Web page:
ha ha. the Mad Money advice is for mad investors....thus higher risk profiles. do not forget that it is MadMoney.....means you should be mad and with loads of money ready to burn.....26x...you are paying higher price for the stock.....the demand is higher for the listed business......buying future earnings, but paying current stock price.....of course expecting higher stock price later.....quite easily you can overpay the stock.....the stock price depends on the stock quality/prospects and/or the market trends/liquidity.
snosaint profile picture
Allegorical for crypto's
I just went to portfoliovisualizer.com and tried a 12 month moving average timing of the SP 500 using VFINX for 1988 to current and got a very different result than the graph in the article, not sure why. The ending values were very similar timing vs buy and hold although drawdowns were reduced of course.
Does the above chart also reflect moving to cash during the narrower "whipsaw" periods? That is the typical criticism of trying to time the market.

Also Lance's weekend articles show a 25/50/75/100 staged approach where "fully in" is actually 60% stocks. The timing chart above seems to be alternating between all stock and all cash?
Comfortably Numb profile picture
Always enjoy your articles Lance. Thanks.
coffeebreak profile picture
"Higher rates of return require an exponential increase in the underlying risk profile."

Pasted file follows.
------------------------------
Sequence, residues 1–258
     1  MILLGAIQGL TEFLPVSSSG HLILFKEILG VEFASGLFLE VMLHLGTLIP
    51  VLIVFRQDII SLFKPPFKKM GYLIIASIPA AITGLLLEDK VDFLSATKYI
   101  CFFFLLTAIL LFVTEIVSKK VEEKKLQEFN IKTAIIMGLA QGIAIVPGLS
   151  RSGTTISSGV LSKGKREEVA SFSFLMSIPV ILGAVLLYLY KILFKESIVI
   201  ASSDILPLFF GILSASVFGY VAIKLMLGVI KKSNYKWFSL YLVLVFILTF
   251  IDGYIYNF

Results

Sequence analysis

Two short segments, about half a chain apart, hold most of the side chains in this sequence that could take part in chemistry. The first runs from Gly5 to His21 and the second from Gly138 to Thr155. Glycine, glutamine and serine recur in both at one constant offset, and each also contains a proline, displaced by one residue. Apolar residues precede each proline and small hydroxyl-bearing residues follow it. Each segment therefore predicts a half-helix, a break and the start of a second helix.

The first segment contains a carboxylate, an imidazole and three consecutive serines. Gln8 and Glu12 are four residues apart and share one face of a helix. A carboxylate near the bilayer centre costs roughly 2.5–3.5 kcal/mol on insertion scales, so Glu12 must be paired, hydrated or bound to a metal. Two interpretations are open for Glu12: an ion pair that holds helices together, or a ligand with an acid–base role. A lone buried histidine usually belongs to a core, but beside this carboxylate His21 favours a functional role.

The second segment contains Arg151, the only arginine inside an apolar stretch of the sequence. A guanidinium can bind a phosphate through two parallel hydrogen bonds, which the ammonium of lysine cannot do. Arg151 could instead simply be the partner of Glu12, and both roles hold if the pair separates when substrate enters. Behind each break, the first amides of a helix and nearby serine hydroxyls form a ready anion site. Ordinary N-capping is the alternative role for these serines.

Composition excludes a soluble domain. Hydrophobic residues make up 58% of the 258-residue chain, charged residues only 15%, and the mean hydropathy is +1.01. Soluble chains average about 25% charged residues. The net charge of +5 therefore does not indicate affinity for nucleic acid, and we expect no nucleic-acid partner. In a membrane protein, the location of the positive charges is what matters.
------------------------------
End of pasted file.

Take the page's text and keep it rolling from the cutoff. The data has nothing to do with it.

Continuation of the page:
ye, ye. returns depend on risk profiles and risk exposure....thus higher returns = higher risk. but with cheap/free money it is quite easy to be fooled....plus the greed factor is quite present.
Paul Franke profile picture
The S&P 500 has not had a DOWN calendar year since 2008. Does anyone remember what it's like to lose money in stocks? http://bit.ly/29XczId
Scott Linge profile picture
Yes Paul, I do. I was there in 1973-75 that was a grinding, destructive bear market with 6% core inflation!. And all the others since then, ugh.
bjjacohen profile picture
Good reminder of what we should already know. And you're right. We don't always realize when we're playing the Greater Fool Game. And an expensive game it is!
I'll choose Warren Buffett's recommended strategy of "buy and hold' -- whom the author repeatedly keeps calling the "greater fool" approach -- over the market timing strategy the author recommends, any day of the year. If Lance Roberts wants to volunteer the data of his investment returns - for the first time ever -- we can compare the two approaches to decide which is better. But I have a sneaking hunch the only response we will continue to hear to that challenge is the sound of crickets. If one keeps throwing the same stones every week, you eventually need to back up your own claims if you desire any semblance of real credibility.
You're right, if you don't understand what Lance is saying you should go with the buy and hold strategy.
If you truly believe that Warren Buffett, who advises buy and hold and against market timing, does so from a "lack of understanding," I would think again. Again, show me a better way (using actual performance numbers and data) and maybe I can somehow begin to view Warren Buffett is a "greater fool." Just because a strategy ("buy and hold") is simpler makes does not make it inferior to more complicated one, or that its adherents follow it due to an inability to understand other strategies. I think that's where you're missing the boat.